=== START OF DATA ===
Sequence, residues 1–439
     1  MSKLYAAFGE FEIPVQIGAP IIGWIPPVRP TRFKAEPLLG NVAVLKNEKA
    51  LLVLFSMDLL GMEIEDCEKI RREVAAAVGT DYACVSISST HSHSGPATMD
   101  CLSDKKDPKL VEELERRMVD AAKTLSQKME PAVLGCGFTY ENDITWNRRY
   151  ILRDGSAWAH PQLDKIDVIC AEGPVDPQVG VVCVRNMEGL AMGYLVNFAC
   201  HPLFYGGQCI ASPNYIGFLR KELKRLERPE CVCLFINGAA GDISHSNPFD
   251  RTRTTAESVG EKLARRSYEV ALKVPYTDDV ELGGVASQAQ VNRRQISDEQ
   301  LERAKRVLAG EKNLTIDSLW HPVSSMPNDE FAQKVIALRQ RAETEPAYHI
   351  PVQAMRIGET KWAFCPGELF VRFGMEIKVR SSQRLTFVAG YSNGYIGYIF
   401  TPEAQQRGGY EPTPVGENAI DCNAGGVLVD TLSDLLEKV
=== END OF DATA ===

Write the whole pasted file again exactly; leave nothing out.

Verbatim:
Sequence, residues 1–439
     1  MSKLYAAFGE FEIPVQIGAP IIGWIPPVRP TRFKAEPLLG NVAVLKNEKA
    51  LLVLFSMDLL GMEIEDCEKI RREVAAAVGT DYACVSISST HSHSGPATMD
   101  CLSDKKDPKL VEELERRMVD AAKTLSQKME PAVLGCGFTY ENDITWNRRY
   151  ILRDGSAWAH PQLDKIDVIC AEGPVDPQVG VVCVRNMEGL AMGYLVNFAC
   201  HPLFYGGQCI ASPNYIGFLR KELKRLERPE CVCLFINGAA GDISHSNPFD
   251  RTRTTAESVG EKLARRSYEV ALKVPYTDDV ELGGVASQAQ VNRRQISDEQ
   301  LERAKRVLAG EKNLTIDSLW HPVSSMPNDE FAQKVIALRQ RAETEPAYHI
   351  PVQAMRIGET KWAFCPGELF VRFGMEIKVR SSQRLTFVAG YSNGYIGYIF
   401  TPEAQQRGGY EPTPVGENAI DCNAGGVLVD TLSDLLEKV